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FCPA Flash – A Conversation With David Pere Regarding Developments In France

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The FCPA Flash podcast provides in an audio format the same fresh, candid, and informed commentary about the Foreign Corrupt Practices Act and related topics as readers have come to expect from written posts on FCPA Professor.

This FCPA Flash episode is a conversation with David Pere (an attorney in the Paris office of Bryan Cave). During the podcast, Pere discusses: (i) developments in France relevant to the anti-bribery and compliance space including, most notably, the new so-called Sapin II law and the new French anti-corruption agency (AFA); (ii) what general counsel and other compliance professionals need to know about the new law and enforcement agency; and (iii) French resentment to aggressive U.S. prosecution of French companies based on sparse jurisdictional allegations.

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Next Up – Telia As DOJ And SEC Announce Contemplated $483 Million Net FCPA Enforcement Action

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This recent post asked: what will September bring and noted that with history as a guide likely notable FCPA enforcement actions.

This 2015 post highlighted the burgeoning Uzbekistan telecommunication investigations involving Dutch telecom company VimpleCom, Swedish telecom company TeliaSonera, and Russia-based Mobile TeleSystems.

As highlighted here, in February 2016 VimpelCom resolved a net $397.5 million FCPA enforcement action and as highlighted below yesterday the DOJ and SEC announced a contemplated $483 million net FCPA enforcement against against Telia (after accounting for various credits and deductions for contemplated Swedish and Dutch enforcement actions) – the 5th largest net FCPA settlement of all-time.

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U.S. Government Reportedly Investigating Chinese Government For Bribery In Nigeria

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Regarding the above headline, technically, as noted in this Bloomberg report, the DOJ and SEC are investigating China Petroleum & Chemical Corporation (Sinopec – a Chinese state-owned entity) with shares traded on a U.S. exchange for bribery in Nigeria.

However, given that the DOJ and SEC consider certain state-owned entities like Sinopec to be “instrumentalities” of a foreign government, the above headline is accurate.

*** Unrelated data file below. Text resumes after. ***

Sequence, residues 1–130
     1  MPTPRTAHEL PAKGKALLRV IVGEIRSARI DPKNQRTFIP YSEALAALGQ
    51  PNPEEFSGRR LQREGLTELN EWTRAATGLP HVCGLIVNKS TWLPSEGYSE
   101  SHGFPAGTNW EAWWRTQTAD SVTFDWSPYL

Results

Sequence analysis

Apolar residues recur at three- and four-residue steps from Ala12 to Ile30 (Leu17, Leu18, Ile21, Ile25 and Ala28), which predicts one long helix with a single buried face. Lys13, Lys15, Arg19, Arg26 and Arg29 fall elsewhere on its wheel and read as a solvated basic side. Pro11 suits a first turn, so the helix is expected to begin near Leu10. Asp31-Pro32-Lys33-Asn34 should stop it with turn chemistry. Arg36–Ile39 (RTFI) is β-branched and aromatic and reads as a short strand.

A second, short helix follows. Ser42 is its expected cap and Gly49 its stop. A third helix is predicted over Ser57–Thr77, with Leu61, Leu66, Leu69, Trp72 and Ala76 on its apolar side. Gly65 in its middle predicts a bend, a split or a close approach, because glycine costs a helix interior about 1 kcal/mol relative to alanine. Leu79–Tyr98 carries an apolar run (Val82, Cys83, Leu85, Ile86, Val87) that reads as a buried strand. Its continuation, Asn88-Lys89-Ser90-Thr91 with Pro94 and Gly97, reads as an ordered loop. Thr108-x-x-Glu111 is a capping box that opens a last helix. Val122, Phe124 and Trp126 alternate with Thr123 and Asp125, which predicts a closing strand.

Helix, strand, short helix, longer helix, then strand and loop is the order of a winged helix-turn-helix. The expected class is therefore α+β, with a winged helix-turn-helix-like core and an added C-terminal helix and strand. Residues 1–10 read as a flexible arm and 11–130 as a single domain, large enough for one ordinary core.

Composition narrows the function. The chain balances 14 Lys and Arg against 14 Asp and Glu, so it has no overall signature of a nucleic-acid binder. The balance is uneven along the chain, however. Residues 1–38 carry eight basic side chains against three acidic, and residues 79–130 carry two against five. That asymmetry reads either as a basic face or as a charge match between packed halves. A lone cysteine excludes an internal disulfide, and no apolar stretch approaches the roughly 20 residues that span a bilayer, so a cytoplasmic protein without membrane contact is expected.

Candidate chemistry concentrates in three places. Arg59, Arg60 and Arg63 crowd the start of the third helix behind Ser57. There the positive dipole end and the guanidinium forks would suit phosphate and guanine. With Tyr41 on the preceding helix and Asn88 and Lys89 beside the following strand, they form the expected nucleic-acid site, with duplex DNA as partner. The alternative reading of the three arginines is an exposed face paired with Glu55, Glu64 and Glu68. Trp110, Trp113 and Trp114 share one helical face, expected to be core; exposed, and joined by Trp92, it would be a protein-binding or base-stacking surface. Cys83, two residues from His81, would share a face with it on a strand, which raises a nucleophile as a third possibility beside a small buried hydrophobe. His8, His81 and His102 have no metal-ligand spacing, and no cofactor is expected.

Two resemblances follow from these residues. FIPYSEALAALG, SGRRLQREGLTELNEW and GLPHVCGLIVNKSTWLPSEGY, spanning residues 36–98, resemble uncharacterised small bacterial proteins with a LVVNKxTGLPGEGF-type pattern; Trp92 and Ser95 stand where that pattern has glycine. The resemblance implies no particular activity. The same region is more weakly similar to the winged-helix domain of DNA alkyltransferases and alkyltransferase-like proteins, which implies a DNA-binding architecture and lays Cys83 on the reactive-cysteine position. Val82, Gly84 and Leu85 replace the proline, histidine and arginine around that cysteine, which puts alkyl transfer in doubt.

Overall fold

This previous post highlighted how there has never been an FCPA enforcement against a Chinese-based issuer, but this is likely just a matter of time as the previous post noted that Sinovac Biotech [a Beijing based company with shares traded on NASDAQ] is currently under FCPA scrutiny.

Add Sinopec to the list.

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Might Sinovac Become The First Chinese Issuer To Resolve An FCPA Enforcement Action?

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A long, long time ago (September 2009 to be exact) FCPA Professor highlighted how Chinese companies were increasingly seeking to raise capital in the U.S. and by registering securities in the U.S. becoming subject to a variety of U.S. laws including the Foreign Corrupt Practices Act.

There has never been an FCPA enforcement against a Chinese-based issuer, but that could change.

This post highlights the FCPA scrutiny of Beijing-based Sinovac Biotech, a company with shares traded on NASDAQ, including its recent disclosure that it is unable to file its annual report because of a bribery internal investigation.

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FCPA Enforcement Actions Against Foreign Companies From OECD Convention Peer Countries

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2016 was a record-breaking year for Foreign Corrupt Practices Act enforcement, both in terms of the number of core corporate actions resolved as well as overall settlement amounts.

As highlighted in this post, much of the largeness of 2016 FCPA enforcement resulted from corporate enforcement actions against foreign companies. (For purposes of this post, a foreign company means the “residence” of the corporate parent company and not for instance, Analogic’s foreign subsidiary or JPMorgan’s foreign subsidiary being offered up to resolve the DOJ prong of the corporate enforcement action). 

Specifically, of the 27 corporate enforcement actions from 2016, 11 (41%) were against foreign companies (based in many instances on mere listing of securities on U.S. markets and in a few instances on sparse allegations of a U.S. nexus in furtherance of an alleged bribery scheme). Even more dramatic, of the net $2.27 billion settlement amounts from 2016 corporate enforcement actions, approximately $1.44 billion (63%) resulted from enforcement actions against foreign companies.

Given that all of the foreign companies that resolved 2016 FCPA enforcement actions were from peer OECD Convention countries, the question should be asked whether these FCPA enforcement actions represented a proper use of the FCPA – at least from a policy standpoint.

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